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United States v. Henry

United States District Court, W.D. Virginia, Abingdon Division

May 15, 2017

UNITED STATES OF AMERICA
v.
ASHANTI RHAN HENRY, Defendant.

          Zachary T. Lee, Assistant United States Attorney, Abingdon, Virginia, for United States;

          Ashanti Rhan Henry, Pro Se Defendant.

          OPINION

          James P. Jones United States District Judge

         The defendant, Ashanti Rhan Henry, proceeding pro se, has filed a Motion to Vacate, Set Aside, or Correct Sentence pursuant to 28 U.S.C. § 2255, based on claims of ineffective assistance of counsel and constitutional error. The government has filed a Motion to Dismiss and Henry has responded. Accordingly, Henry's motion is ripe for disposition. After reviewing the record, I will grant the United States' Motion to Dismiss.

         I.

         A grand jury returned a multi-count Superseding Indictment against Henry and ten codefendants for various drug-related crimes. Henry was charged with four counts of distribution of cocaine base, in violation of 21 U.S.C. §§ 841(a)(1) and 841(b)(1)(C) (Counts One through Four); one count of possession with intent to distribute 28 grams or more of cocaine base, in violation of 21 U.S.C. §§ 841(a)(1) and 841(b)(1)(B) (Count Five); one count of maintaining a place for the purpose of distributing a controlled substance, in violation of 21 U.S.C. § 856(a)(1) (Count Six); and one count of conspiracy to distribute and possess with intent to distribute 280 grams or more of cocaine base, five kilograms or more of cocaine, and oxycodone, in violation of 21 U.S.C. §§ 846 and 841(b)(1)(A) and 841(b)(1)(C) (Count Seven). The government filed an Information advising Henry that because of his two prior drug convictions, if convicted of Count Seven, he would face “a mandatory term of life imprisonment, ” pursuant to 21 U.S.C. §§ 846, 841(b)(1)(A) and 851. Am. Sentencing Enhancement Information 2, ECF No. 172.

         Henry pleaded guilty pursuant to a written Plea Agreement to Count Seven of the Indictment. Plea Agreement 1, ECF No. 276. The Plea Agreement stipulated that Henry faced a maximum statutory term of life imprisonment. Id. The Plea Agreement also provided that the government had filed an Information pursuant to 21 U.S.C. § 851, but would limit the enhancement by relying on only one of Henry's prior felony drug convictions and dismissing all others. Id. at 3. In addition, the government agreed to dismiss the remaining counts from the Indictment. Id. at 2. The parties agreed to recommend a sentence at the low end of the guideline range. Id. at 4.

         At the change-of-plea hearing, Henry stated that he had had an adequate opportunity to read and discuss with counsel the Indictment and Plea Agreement before signing it. Plea Hr'g Tr. 5, 6, ECF No. 291. Henry expressed some concern regarding his representation and the terms of the Plea Agreement, but ultimately affirmed that he wanted to plead guilty. Id. at 11-29. Henry affirmed his understanding that by pleading guilty, he gave up his right to appeal and to collaterally attack his sentence except as to matters that cannot be waived under the law or that allege ineffective assistance of counsel. Id. at 31-32. Finally, Henry affirmed that he was guilty of Count Seven. Id. at 40. I found Henry to be fully competent and capable of entering an informed plea and determined that his guilty plea was knowing and voluntary. Id. at 40-41.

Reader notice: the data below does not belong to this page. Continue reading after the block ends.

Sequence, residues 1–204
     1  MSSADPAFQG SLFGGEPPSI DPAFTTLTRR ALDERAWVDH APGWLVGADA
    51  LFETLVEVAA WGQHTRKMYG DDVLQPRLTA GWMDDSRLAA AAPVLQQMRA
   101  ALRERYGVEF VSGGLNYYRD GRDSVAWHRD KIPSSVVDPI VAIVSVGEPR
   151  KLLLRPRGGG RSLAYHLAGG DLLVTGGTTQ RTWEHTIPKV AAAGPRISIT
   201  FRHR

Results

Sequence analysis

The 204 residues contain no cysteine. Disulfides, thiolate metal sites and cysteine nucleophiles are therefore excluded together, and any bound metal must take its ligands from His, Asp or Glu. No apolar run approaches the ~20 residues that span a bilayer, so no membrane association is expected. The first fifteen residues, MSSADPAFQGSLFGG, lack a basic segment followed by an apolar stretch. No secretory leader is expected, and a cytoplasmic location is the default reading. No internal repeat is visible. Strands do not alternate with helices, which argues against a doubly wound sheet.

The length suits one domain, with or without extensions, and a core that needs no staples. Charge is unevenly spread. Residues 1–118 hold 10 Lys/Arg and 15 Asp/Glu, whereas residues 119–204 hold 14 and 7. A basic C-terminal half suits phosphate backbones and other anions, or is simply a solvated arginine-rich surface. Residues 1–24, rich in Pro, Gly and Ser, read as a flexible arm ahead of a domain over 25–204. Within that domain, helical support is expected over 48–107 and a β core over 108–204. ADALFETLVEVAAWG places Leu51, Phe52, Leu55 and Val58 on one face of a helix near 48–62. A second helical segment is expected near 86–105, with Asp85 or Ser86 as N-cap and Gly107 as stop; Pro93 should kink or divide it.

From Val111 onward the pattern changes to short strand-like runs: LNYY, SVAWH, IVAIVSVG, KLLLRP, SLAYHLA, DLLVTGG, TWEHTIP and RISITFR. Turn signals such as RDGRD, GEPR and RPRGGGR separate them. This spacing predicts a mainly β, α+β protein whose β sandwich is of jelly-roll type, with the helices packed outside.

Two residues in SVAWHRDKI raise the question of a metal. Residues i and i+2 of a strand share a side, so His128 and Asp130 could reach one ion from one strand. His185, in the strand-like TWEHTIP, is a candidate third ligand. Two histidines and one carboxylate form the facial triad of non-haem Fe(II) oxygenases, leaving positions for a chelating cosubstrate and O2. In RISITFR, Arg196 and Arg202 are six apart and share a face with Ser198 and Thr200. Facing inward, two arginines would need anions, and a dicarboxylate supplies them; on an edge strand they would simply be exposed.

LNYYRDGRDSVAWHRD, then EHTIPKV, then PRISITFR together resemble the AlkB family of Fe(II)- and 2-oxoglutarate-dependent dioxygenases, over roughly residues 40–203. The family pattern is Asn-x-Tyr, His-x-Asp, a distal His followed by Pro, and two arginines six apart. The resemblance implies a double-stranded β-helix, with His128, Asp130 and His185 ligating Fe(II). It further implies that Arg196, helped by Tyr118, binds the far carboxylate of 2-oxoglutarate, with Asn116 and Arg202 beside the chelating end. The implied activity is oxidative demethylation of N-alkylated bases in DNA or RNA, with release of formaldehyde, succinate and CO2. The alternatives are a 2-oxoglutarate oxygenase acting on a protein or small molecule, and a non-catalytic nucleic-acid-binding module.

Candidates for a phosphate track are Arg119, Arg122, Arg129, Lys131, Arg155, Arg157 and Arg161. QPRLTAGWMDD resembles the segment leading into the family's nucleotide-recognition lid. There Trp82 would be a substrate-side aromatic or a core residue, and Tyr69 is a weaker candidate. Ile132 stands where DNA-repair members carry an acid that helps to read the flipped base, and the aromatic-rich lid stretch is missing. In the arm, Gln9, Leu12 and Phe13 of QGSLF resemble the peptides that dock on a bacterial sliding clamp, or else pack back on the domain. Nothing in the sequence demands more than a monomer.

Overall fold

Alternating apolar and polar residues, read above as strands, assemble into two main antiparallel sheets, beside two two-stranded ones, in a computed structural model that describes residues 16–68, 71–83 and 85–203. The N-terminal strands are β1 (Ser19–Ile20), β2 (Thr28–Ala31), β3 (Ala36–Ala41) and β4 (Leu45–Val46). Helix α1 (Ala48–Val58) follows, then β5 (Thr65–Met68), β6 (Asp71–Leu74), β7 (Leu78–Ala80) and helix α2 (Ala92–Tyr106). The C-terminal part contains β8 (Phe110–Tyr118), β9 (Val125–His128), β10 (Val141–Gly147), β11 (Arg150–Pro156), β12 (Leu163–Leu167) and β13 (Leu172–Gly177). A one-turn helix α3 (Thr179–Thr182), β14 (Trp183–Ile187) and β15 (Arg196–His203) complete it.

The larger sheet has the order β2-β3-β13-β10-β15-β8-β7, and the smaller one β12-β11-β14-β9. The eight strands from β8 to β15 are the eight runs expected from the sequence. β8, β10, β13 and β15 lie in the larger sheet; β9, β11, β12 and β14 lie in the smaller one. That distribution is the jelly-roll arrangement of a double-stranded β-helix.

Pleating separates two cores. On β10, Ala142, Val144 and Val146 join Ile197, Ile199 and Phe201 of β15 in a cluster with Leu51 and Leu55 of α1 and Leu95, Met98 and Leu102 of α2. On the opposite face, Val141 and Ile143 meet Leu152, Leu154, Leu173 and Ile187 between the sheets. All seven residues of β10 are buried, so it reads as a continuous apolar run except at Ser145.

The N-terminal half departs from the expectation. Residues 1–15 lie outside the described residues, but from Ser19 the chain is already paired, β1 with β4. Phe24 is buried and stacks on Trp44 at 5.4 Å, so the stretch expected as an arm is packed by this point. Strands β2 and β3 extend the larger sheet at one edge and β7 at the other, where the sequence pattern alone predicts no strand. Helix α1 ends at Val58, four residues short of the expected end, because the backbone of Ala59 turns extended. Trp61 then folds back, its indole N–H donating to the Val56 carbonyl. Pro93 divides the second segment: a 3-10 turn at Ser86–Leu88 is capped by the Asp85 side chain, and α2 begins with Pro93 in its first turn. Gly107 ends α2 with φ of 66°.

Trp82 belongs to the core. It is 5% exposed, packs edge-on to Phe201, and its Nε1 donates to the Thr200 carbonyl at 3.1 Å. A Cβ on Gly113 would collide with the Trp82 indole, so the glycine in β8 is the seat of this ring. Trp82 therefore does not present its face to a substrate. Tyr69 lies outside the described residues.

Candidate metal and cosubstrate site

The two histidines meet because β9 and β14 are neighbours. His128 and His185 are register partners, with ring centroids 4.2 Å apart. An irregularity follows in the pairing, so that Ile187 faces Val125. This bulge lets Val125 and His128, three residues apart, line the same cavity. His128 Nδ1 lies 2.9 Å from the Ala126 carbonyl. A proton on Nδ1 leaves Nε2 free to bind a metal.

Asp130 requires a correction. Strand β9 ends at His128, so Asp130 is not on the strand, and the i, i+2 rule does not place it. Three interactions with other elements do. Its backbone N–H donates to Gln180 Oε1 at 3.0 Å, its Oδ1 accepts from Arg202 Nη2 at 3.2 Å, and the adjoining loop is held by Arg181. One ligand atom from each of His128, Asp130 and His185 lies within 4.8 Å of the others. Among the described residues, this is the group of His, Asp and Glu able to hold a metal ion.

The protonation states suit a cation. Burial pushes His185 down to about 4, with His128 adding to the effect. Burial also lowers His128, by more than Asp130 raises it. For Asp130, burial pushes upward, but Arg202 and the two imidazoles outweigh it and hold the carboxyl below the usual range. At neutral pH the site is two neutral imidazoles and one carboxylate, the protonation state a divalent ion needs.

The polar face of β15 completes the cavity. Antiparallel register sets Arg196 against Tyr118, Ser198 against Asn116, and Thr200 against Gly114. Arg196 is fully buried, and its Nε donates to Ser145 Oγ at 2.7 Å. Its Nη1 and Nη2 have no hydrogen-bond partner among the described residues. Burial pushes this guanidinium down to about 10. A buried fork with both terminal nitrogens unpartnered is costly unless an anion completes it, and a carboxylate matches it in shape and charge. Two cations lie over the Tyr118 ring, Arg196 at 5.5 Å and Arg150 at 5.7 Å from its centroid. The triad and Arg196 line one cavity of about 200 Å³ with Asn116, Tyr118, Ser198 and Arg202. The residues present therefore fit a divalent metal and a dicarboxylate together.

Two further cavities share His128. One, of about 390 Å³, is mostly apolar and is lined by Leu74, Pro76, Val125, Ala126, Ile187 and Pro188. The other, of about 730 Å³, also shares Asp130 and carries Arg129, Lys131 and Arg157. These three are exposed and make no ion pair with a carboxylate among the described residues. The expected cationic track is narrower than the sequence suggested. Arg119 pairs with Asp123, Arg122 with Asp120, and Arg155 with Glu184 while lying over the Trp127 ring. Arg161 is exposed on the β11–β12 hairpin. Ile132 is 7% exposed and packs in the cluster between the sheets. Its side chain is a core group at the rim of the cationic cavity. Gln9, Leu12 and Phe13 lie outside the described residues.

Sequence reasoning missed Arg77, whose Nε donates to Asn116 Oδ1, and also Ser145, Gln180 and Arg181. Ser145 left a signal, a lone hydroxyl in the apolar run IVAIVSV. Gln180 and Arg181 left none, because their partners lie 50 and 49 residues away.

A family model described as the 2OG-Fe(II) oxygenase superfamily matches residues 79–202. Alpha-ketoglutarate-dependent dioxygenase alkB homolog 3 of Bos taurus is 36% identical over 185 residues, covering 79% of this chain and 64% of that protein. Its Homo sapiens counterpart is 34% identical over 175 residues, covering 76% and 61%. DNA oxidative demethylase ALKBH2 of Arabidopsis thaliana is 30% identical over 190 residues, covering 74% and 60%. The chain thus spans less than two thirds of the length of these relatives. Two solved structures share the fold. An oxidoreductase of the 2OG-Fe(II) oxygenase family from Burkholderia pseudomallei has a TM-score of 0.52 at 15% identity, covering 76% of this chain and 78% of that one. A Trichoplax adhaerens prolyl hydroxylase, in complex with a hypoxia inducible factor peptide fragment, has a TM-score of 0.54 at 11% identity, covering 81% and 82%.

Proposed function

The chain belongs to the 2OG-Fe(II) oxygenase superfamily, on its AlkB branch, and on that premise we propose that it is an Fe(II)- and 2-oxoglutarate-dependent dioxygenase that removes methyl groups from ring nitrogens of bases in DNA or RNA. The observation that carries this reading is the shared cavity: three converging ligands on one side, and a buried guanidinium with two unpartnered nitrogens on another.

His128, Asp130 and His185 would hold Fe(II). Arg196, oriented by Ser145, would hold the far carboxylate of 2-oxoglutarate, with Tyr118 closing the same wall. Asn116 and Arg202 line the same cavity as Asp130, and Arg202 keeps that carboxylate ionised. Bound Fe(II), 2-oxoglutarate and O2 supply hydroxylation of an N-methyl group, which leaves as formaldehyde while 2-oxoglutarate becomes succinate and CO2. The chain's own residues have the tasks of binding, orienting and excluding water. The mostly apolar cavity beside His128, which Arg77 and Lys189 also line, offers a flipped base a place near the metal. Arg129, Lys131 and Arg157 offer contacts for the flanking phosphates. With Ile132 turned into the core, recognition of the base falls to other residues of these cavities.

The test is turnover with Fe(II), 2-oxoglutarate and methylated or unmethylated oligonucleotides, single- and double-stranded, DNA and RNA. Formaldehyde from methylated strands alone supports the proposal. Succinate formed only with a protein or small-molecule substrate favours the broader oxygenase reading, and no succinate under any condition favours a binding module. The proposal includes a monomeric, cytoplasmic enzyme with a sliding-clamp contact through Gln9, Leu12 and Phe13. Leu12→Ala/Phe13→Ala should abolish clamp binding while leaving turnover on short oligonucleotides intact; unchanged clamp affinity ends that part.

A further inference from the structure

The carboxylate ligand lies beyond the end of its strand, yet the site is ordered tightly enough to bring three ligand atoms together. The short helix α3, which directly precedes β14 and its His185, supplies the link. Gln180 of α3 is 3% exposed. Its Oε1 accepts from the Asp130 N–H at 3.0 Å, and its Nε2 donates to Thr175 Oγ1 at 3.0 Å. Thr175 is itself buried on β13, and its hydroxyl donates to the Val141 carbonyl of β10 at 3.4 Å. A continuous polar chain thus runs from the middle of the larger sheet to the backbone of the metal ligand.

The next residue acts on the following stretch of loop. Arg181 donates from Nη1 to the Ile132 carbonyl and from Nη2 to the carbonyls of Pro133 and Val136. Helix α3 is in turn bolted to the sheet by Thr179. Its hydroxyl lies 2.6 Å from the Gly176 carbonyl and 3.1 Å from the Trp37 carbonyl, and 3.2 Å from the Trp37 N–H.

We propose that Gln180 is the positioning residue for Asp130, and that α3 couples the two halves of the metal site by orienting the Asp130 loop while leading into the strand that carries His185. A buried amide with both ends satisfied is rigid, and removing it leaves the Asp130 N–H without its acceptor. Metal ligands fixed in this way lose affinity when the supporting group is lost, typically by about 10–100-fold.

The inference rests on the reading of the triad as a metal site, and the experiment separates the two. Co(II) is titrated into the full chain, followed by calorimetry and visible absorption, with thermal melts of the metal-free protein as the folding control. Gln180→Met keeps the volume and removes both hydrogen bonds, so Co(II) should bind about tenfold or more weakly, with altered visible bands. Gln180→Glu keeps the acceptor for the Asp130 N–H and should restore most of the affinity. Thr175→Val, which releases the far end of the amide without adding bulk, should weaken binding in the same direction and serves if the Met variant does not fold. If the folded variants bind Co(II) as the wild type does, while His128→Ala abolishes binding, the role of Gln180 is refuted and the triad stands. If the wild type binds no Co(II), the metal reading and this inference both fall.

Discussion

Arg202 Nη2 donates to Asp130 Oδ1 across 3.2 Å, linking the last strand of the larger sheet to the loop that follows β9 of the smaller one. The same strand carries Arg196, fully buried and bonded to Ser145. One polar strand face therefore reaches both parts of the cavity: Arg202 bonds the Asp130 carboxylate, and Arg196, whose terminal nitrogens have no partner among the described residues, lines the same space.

Henry subsequently filed a motion through counsel seeking to withdraw his guilty plea, asserting his innocence and requesting that he be allowed to proceed to trial. Following a hearing, I denied Henry's motion.

         The Presentence Investigation Report (“PSR”) recommended a total offense level of 40 and a criminal history category of V, resulting in a guideline imprisonment range of 360 months to life imprisonment.[1] PSR ¶ 176, ECF No. 397. Henry's counsel submitted fourteen objections to the PSR, including challenges to the four-level enhancement for being an organizer or leader in the conspiracy, the drug weight calculation, the obstruction-of-justice enhancement, and various alleged factual inaccuracies. Id. at 27-31. I denied those objections, adopted the PSR, and sentenced Henry to 360 months imprisonment. Sentencing Hr'g Tr. 46, ECF No. 450; J. 2, ECF No. 395.

         Henry appealed, asserting that I had erred by denying his motion to withdraw his guilty plea. The Fourth Circuit affirmed. United States v. Henry, 592 F. App'x 201, 202 (2015) (unpublished). Henry also filed a petition for a writ of certiorari with the Supreme Court, which was denied. Henry v. United States, 135 S.Ct. 2817 (2015).

         In his present § 2255 motion, Henry alleges that counsel provided ineffective assistance by (1) failing to explain to the court that his erroneous advise induced Henry to plead guilty; (2) failing to challenge errors in the PSR; (3) failing to investigate; and (4) failing to explain that the inclusion of a collateral attack waiver in his Plea Agreement created a conflict of interest. Henry also alleges that the Criminal Complaint that preceded the Superseding Indictment was constitutionally deficient. Finally, in a Motion to Amend his § 2255 Motion, ECF No. 554, Henry asserts that he is entitled to a reduced sentence following the Supreme Court decision in Johnson v. United States, 135 S.Ct. 2551(2015).[2]

         II.

         To state a viable claim for relief under § 2255, a defendant must prove: (1) that his sentence was “imposed in violation of the Constitution or laws of the United States”; (2) that “the court was without jurisdiction to impose such sentence”; or (3) that “the sentence was in excess of the maximum authorized by law, or is otherwise subject to collateral attack.” 28 U.S.C. § 2255(a). Henry bears the burden of proving ...


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